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2 new pings sound 'just like' black box beacons

PERTH, Australia (AP) -- An Australian ship detected two distinct, long-lasting sounds underwater that are consistent with the pings from aircraft black boxes in a major break in the monthlong hunt for the missing Malaysia Airlines jet, the search coordinator said Monday.

Navy specialists were urgently trying to pick up the signal again so they can triangulate its position and go to the next step of sending an unmanned miniature submarine into the depths to try to identify plane wreckage.

Confirmation that the signals picked up by the Australian navy ship Ocean Shield belong to Flight 370's black boxes could take days, but the discovery offers "a most promising lead" yet, said Angus Houston, the head of a joint agency coordinating the multinational search. They were stronger and lasted longer than faint signals a Chinese ship reported hearing farther south in the search zone in the remote Indian Ocean.

"Clearly this is a most promising lead, and probably in the search so far, it's probably the best information that we have had," Houston said at a news conference. "We've got a visual indication on a screen and we've also got an audible signal - and the audible signal sounds to me just like an emergency locator beacon."

After a monthlong search for answers filled with dead ends, Monday's news brought fresh hope given that the two black boxes, which contain flight data and cockpit voice recordings, are the key to unraveling exactly what happened to Flight 370 and why.

In Kuala Lumpur, Malaysian Defense Minister Hishammudin Hussein told reporters that in light of the new information, "We are cautiously hopeful that there will be a positive development in the next few days, if not hours."

Little time is left to locate the devices, which have beacons that emit "pings" so they can be more easily found. The beacons' batteries last only about a month - and Tuesday marks exactly one month since the plane disappeared during a flight from Kuala Lumpur to Beijing with 239 people on board.

The Ocean Shield, which is carrying high-tech sound detectors from the U.S. Navy, picked up two separate signals late Saturday night and early Sunday morning in seas far off the west Australian coast that search crews have been crisscrossing for weeks. The first signal lasted two hours and 20 minutes before it was lost. The ship then turned around and picked up a signal again - this time recording two distinct "pinger returns" that lasted 13 minutes, Houston said.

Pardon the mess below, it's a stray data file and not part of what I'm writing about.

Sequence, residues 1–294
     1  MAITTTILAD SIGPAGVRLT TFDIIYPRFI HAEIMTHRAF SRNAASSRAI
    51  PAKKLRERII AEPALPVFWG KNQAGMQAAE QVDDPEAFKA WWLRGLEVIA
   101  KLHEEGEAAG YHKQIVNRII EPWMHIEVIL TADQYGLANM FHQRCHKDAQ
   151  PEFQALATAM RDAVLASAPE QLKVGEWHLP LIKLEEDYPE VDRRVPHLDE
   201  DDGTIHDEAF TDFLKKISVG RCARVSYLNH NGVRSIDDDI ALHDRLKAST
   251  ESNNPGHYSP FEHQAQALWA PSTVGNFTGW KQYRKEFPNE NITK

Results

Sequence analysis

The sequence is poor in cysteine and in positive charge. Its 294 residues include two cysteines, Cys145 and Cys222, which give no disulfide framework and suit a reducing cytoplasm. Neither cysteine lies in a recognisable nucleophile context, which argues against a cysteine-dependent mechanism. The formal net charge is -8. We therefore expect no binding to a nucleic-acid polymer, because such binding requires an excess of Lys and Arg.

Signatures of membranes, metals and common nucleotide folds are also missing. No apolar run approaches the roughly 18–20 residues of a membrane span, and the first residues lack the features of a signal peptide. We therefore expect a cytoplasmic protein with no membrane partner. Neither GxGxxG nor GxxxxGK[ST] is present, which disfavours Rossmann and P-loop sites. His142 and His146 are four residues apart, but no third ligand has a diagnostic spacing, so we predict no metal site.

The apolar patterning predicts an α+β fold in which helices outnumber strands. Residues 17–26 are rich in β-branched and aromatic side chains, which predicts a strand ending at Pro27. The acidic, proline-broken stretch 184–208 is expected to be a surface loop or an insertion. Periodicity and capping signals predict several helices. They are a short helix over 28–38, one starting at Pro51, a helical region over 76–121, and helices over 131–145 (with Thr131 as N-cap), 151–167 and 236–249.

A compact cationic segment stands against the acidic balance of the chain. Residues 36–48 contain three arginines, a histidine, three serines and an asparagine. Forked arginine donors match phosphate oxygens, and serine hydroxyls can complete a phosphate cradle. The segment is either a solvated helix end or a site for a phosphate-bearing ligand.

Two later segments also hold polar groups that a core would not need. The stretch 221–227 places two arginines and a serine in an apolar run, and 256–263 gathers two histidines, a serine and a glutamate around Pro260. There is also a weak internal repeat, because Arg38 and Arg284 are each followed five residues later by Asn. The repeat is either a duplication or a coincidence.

"Significantly, this would be consistent with transmissions from both the flight data recorder and the cockpit voice recorder," Houston said.

Still, Houston cautioned that it was too early to say the transmissions were coming from the missing jet.

"I would want more confirmation before we say this is it," he said. "Without wreckage, we can't say it's definitely here. We've got to go down and have a look."

The ping locator is pulled behind the ship at a depth of 3 kilometers (1.9 miles) and is designed to detect signals at a range of 1.8 kilometers (1.12 miles), meaning it would need to be almost on top of the black boxes to detect them if they were on the ocean floor, which is about 4.5 kilometers (2.8 miles) deep.

"It's like playing hot and cold when you're searching for something and someone's telling you you're getting warmer and warmer and warmer," U.S. Navy Capt. Mark Matthews said. "When you're right on top of it you get a good return."

The black boxes normally emit a frequency of 37.5 kilohertz, and the signals picked up by the Ocean Shield were both 33.3 kilohertz, he said. But the manufacturer indicated the frequency of black boxes can drift in older equipment.

The Ocean Shield was slowly canvassing a small area trying to find the signal again, though that could take another day, Matthews said.

If they pick up the signal again, the crew will launch an underwater vehicle to investigate, he said. The Bluefin 21 autonomous sub can create a sonar map of the area to chart where the debris may lie on the sea floor. If it maps out a debris field, the crew will replace the sonar system with a camera unit to photograph any wreckage.

That may prove tricky because the water depth is right at the limits of the sub's capability.

"It could take some days before the information is available to establish whether these detections can be confirmed as being from MH370," Houston said. "In very deep oceanic water, nothing happens fast."